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HMRC internal manual

Pensions Tax Manual

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HM Revenue & Customs
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Protection from the lifetime allowance charge: fixed protection, fixed protection 2014 and fixed protection 2016: making contributions to an arrangement once a member has any of the protections

Glossary PTM000001
   

Due to the similarities in the principles of these three types of protection this guidance covers them all unless otherwise specified and the three types of fixed protection are referred to collectively on this page as “the fixed protection(s)”.

Making contributions to an arrangement once a member has any of the fixed protections
When a contribution is paid
Failure to stop an automatic payment from a bank and building society
Payment of a pension credit under a pension sharing order into a money purchase arrangement (personal pension scheme)
Payment of a pension credit under a pension sharing order to a defined benefits/cash balance pension scheme
National Insurance rebates paid into a money purchase arrangement (other than cash balance)

Making contributions to an arrangement once a member has any of the fixed protections

Fixed Protection (FP 2012) - Paragraph 14(4)(a), (5)(a) and (c) and 14(11) Schedule 18 Finance Act 2011
Fixed Protection 2014 (FP 2014) - Paragraph 1(3)(a), 1(4)(a) and (4)(c) and 1(10) Schedule 22 Finance Act 2013
Fixed Protection 2016 (FP 2016) – Paragraphs 3(a), 4(1)(a) and (c) and 4(4) Schedule 4 Finance Act 2016

If a member makes a relevant contribution to an other (i.e. non-cash balance) money purchase arrangement after 5 April 2012 in the case of FP 2012, 5 April 2014 in the case of FP 2014 or 5 April 2016 in the case of FP 2016 then they will lose their protection.  See PTM093510 for more detail about what is a “relevant contribution”

A member may be able to make further contributions to a defined benefits arrangement or cash balance arrangement. But the way that benefits are calculated for these types of arrangement may mean that there is benefit accrual if the member’s benefits increase by more than the relevant percentage. If that is the case then they will lose their protection.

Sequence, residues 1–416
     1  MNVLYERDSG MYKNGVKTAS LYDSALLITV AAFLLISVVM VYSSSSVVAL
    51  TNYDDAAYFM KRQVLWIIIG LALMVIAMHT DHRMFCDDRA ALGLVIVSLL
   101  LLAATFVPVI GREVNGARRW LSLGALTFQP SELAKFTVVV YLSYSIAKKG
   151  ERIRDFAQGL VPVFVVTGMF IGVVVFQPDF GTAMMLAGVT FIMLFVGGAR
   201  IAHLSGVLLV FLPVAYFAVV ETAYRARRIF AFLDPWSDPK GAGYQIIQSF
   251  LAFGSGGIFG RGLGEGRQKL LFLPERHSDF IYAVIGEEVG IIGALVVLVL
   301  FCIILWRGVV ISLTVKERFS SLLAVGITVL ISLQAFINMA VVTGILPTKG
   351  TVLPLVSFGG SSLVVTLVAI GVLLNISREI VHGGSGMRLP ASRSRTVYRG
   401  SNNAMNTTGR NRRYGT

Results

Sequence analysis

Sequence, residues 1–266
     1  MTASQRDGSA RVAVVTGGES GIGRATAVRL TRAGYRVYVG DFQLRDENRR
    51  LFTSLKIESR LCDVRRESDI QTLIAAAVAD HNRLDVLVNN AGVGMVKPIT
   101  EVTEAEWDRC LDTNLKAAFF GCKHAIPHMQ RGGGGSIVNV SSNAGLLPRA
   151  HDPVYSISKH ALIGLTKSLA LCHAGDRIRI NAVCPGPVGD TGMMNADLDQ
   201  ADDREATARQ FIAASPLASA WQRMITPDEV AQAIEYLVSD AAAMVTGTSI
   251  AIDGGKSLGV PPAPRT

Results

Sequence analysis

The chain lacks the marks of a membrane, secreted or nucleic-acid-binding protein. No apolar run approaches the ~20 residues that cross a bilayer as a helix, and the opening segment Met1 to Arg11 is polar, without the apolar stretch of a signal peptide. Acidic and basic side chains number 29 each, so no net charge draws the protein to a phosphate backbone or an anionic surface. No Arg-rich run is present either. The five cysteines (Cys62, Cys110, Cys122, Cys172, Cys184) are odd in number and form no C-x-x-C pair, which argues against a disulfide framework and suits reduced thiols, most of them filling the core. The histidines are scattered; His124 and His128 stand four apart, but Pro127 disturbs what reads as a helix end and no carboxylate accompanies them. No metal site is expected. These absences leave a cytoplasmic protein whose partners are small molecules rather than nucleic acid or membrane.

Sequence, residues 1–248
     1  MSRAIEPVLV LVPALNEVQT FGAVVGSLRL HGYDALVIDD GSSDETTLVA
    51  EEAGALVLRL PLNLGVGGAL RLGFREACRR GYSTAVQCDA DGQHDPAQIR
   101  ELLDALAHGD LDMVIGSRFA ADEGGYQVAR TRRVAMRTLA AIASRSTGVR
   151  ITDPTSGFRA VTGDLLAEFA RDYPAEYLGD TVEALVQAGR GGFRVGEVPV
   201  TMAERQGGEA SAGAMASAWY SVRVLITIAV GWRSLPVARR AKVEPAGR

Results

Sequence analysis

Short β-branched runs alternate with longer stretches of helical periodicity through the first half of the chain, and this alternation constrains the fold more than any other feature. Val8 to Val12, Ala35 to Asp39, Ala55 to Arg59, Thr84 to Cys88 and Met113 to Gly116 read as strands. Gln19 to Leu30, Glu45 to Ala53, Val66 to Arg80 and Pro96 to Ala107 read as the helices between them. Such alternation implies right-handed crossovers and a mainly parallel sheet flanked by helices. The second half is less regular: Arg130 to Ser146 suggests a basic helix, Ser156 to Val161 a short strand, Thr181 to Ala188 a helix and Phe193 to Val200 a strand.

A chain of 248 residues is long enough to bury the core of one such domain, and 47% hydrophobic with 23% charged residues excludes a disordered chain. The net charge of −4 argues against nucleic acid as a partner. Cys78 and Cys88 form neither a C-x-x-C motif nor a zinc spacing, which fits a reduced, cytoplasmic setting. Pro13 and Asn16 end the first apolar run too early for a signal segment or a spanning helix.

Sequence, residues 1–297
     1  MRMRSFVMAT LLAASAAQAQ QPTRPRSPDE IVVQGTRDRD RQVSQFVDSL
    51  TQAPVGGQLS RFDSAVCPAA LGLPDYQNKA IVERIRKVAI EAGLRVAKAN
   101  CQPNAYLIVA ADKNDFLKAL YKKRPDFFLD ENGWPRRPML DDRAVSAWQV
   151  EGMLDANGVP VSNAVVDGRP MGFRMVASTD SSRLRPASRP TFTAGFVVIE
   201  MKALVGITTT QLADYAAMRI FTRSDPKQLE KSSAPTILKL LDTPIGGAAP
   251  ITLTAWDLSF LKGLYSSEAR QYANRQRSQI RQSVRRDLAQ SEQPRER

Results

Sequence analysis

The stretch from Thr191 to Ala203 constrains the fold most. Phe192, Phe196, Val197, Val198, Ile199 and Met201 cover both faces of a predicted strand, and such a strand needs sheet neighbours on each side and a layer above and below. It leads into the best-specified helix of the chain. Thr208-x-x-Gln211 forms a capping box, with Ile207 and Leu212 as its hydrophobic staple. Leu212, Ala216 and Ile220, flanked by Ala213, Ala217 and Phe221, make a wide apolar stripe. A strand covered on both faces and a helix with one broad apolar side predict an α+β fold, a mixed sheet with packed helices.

When a contribution is paid

The rules for determining the day on which a contribution is paid depend on how the contribution is made. For example, if the contribution is made by cheque then it is paid when the cheque is received by the scheme administrator, as long as the cheque does not bounce. (See PTM041000 for more information about the normal rules for when a contribution is paid)

Failure to stop an automatic payment from a bank and building society

If the member has told their bank or building society in good time that they want to stop the payment but the bank or building society have failed to act on this then the member will not lose their fixed protection.

Here, the payment(s) made by the bank or building society were beyond their control and the member never intended that the payment(s) should be contributions. HMRC will not consider such payments as contributions and so fixed protection will not be lost.

The payments should be returned to the member although they will have to repay any tax relief they have received in relation to them.

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Payment of a pension credit under a pension sharing order into a money purchase arrangement (personal pension scheme)

Provided the pension credit is transferred to the member’s existing money purchase arrangement that is not a cash balance arrangement, the member will not lose their fixed protection. The tax rules provide that a pension credit in such cases is not a tax relievable contribution so its payment will not cause loss of the fixed protection.

However if the pension credit is received from a non-registered pension scheme it is tax relievable. Fixed protection will be lost if it is paid into a registered pension scheme.

Likewise, if the pension credit is transferred into a new arrangement for the member, fixed protection will be lost. This is because setting up of the new arrangement will trigger loss of fixed protection.

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Payment of a pension credit under a pension sharing order to a defined benefits/cash balance pension scheme

If the pension credit is transferred into a new arrangement for a member, fixed protection will be lost due to the setting up of the new arrangement.

If the pension credit is transferred into an existing defined benefits or cash balance arrangement then fixed protection will be lost if at the end of the tax year in which the pension credit is transferred into the arrangement benefit accrual occurs. It is very likely that there will be benefit accrual in such cases.

See PTM093510 for more information about benefit accrual.

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National Insurance rebates paid into a money purchase arrangement (other than cash balance)

For the purposes of benefit accrual, a National Insurance rebate is not a ‘relevant contribution’ so payment of this into a member’s arrangement will not cause loss of fixed protection.